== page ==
Does anyone know what the president now really wants? The spectrum of theories ranges from really wanting a "no" vote that takes him off the hook to seeking a robust majority for "yes" that allows quiet expansion of the target list so that a great blow can be struck against Assad. When the president leads us into military action this way, his own goals and tactics shifting by the week, it is not surprising that he has not been able to garner much support.
I favor a strike at Syria, and did before the chemical weapons use by Assad. I thought two years ago that "Assad must go" and was glad the president appeared to reach that conclusion. I thought it shameful that the United States then did nothing to help the rebellion against Assad. It seemed to me foolish and dangerous that we watched from the sidelines while rebel groups seeking our help were decimated and Islamist groups got plenty of cash and guns from the Gulf states, while jihadis arrived in the thousands. I thought it incredible that a major policy change in June, to giving military help to the rebels, was announced via a White House staffer — and then even more incredible that in the months since, no such aid has flowed.
The congressional vote will be difficult for many Republicans, in part because of their resentment at the way this administration has pilloried them for four and half years. I share the resentment, as a former Bush White House staffer. I recall very well the accusations of "unilateralism" that Democrats, including thenSenator Obama, hurled at us — when we intervened in Afghanistan and Iraq armed with congressional votes, U.N. Security Council resolutions, and broad coalitions of dozens of nations. Now Obama has destroyed those coalitions, and seeks approval to use force with one sole ally at hand, France, and without any U.N. vote.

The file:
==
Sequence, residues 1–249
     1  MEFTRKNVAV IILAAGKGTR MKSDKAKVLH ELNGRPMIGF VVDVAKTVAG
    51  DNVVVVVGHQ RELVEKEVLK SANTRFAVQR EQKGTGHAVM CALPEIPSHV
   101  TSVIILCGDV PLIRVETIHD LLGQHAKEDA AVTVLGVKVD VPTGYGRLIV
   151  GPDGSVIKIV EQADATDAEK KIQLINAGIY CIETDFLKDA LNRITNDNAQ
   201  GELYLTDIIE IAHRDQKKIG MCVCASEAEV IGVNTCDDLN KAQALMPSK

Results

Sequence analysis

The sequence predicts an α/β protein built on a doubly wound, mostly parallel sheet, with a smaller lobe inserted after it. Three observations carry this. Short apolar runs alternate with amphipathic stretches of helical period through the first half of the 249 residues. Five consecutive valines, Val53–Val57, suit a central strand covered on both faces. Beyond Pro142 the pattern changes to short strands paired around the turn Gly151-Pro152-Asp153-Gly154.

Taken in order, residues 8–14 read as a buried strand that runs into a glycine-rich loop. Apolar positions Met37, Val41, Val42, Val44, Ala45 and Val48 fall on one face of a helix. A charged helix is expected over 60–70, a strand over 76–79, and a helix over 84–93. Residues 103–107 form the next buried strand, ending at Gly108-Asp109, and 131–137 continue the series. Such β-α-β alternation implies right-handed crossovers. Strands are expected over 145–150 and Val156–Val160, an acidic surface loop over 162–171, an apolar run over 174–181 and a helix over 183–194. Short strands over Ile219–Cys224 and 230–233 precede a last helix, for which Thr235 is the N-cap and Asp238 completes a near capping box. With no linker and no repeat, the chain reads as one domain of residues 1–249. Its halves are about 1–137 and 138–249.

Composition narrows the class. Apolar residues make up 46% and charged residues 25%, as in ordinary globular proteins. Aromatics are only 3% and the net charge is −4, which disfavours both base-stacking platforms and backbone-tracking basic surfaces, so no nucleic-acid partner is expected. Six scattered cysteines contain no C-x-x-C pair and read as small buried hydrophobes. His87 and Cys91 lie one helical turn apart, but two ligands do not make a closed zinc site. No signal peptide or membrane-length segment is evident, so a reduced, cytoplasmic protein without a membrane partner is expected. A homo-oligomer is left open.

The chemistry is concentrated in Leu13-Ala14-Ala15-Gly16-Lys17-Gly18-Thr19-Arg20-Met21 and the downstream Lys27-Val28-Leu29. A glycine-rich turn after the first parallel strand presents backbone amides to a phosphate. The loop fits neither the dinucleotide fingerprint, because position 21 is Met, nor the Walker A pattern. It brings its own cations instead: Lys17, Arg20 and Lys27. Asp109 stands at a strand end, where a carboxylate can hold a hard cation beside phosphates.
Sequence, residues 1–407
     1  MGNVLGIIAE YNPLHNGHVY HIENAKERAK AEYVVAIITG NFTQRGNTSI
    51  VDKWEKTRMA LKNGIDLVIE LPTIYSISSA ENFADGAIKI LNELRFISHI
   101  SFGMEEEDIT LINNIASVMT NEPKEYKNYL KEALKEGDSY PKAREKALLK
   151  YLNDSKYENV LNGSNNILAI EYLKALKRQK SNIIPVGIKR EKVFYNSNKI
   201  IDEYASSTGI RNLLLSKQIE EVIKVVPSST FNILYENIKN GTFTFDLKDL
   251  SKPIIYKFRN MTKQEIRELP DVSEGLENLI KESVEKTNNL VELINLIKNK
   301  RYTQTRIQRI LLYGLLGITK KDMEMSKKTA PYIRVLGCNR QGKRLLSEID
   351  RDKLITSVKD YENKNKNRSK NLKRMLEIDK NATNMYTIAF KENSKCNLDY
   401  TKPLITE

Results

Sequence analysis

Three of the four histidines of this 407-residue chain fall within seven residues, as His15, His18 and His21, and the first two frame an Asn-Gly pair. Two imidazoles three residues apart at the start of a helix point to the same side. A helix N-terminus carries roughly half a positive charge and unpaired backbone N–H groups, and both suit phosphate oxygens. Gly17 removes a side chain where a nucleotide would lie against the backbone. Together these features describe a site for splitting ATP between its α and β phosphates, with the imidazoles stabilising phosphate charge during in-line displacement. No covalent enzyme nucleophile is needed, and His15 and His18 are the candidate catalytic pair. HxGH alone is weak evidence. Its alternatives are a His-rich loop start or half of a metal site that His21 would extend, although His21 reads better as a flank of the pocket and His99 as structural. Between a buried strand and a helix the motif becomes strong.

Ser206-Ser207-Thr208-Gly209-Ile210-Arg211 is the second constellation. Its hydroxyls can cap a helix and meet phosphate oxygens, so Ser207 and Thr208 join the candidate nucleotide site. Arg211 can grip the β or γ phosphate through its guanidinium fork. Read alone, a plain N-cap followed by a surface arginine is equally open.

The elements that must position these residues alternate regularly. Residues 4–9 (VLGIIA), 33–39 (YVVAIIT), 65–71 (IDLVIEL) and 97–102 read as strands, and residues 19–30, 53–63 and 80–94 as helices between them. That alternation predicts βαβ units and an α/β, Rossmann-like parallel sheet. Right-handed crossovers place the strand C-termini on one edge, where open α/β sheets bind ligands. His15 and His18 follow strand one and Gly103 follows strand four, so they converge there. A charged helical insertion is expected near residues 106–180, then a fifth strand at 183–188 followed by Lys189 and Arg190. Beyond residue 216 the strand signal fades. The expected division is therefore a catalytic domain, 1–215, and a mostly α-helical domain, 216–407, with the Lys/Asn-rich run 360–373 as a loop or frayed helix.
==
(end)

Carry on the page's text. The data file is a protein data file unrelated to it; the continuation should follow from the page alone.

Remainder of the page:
I would give him that authority, to be sure, but I would ask for something more from the White House, something entirely missing today: clarity of purpose, and an explanation that links purpose to tactics. In my view, this president set out, four and half years ago, to reduce American power in the world, and to "break the habits" (as he put it in his 2008 Berlin speech) that got us into Iraq and Afghanistan. Those habits appear to have included what he saw as militarism, interventionism, bullying, and a sense of America as a country with an historic mission of world leadership. He has delivered: American leadership is receding all over the world, as everyone from Japanese and South Koreans to Saudis and Israelis will tell you. Now he seeks authority to use military force, but has done it in a way that rather than restoring some sense of power and leadership may manage to undermine America's international role even further. Congress can, by its questioning of senior officials, in the floor debate, and in the terms of its resolutions, perhaps restore some of what we have lost.
Despite this administration's incompetence, the United States and our allies will be worse off, and our enemies emboldened, if Congress votes no. The time to reject Obama's failures in foreign and domestic policy is on Election Day 2014, not in the Syria vote.
This article appears in full on CFR.org by permission of its original publisher. It was originally available here.